The corruption of warped justice as an excuse to beat up, and now to just kill is the modern version. The first corruption was the WW2 use of comics that didn't help quality story telling based on characters who sought justice, WW2 propaganda rapidly warped stories to rather hate promoting / justify killing agendas. Now we see the same thing, it's ruthless violence, stereotyping and misrepresenting classes of people, attaching the evil trait to them and then it's okay to slaughter them. This has never been done to women, never once have I ever seen the mindless slaughter of women portrayed as a social good, how many times do we have to watch that being done to men not only as entertainment but promoted as a social good.

    It does have an adverse effect on culture, but worse also is that our culturally dominant forces (like the media) already regard it as okay, it's deeply embedded. That is demonstrated by the countless real events of genocidal acts against males that are ignored.
    I agree, especially with the bit I've emboldened. In the case of the WW film, as in so many other instances, the justification for inflicting violence is simply that those being battered and killed are men. No more justification, it's assumed, is needed. Yet the men WW destroys are simply soldiers, doing their duty, as America, and the UK, expect their soldiers to do.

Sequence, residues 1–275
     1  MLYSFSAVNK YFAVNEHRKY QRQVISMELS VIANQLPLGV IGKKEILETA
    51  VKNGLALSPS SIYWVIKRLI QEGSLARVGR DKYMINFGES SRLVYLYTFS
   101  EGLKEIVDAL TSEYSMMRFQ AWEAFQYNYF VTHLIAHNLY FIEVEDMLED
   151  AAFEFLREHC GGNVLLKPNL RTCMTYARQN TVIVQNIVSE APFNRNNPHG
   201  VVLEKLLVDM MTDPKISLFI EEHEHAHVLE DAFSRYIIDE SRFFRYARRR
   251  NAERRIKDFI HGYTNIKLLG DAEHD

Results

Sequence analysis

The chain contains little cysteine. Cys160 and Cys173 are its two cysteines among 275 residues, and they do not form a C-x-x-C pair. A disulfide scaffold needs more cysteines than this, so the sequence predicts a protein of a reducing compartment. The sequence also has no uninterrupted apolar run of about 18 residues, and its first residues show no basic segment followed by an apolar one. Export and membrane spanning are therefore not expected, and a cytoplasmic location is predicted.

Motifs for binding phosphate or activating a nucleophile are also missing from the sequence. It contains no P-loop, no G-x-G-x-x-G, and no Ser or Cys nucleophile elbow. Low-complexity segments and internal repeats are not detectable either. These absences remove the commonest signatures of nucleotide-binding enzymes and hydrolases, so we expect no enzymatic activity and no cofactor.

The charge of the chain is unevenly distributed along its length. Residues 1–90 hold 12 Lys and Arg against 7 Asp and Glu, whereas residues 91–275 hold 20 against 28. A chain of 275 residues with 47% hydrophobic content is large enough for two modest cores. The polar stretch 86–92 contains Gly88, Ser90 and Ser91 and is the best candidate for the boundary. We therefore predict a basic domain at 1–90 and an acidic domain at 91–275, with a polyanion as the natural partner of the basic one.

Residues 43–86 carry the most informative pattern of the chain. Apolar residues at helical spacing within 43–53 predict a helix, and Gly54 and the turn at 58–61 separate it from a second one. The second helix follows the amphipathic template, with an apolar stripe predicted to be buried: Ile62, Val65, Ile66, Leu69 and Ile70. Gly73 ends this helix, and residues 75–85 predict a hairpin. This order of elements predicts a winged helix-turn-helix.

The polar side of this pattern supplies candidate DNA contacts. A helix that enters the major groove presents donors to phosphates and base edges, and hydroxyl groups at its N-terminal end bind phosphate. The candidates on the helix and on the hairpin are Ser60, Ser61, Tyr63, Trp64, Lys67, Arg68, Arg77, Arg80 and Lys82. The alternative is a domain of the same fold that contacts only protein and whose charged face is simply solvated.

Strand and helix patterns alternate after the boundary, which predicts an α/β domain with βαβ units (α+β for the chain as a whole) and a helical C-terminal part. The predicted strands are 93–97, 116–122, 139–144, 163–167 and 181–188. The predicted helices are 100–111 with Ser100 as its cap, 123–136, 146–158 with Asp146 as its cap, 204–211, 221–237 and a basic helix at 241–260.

3. #23
    Quote Originally Posted by Deidre View Post
    Great post, voidspawn. It makes one wonder though...are movies an illustration of our culture or do they shape the culture? I thought that while reading your post. Same with presidents. The losing side gets angry at a new president but doesn't that new president merely reflect the choice of society? (Majority)

    I don't like super hero movies, in general. Mainly because it creates this idea that we aren't good enough as humans to solve our problems, that we need to be super human. Or we need a super hero to idolize and those films are often lost on me. I like realistic plots a bit better, especially stories of human triumph against adversity.
    Me too. One female led film I love is Alien. Firstly because of the awesome alien created by Mr Geiger, that the film isn't anti-male, and that the heroine, Ripley, is no super human, just a gutsy individual who does her best.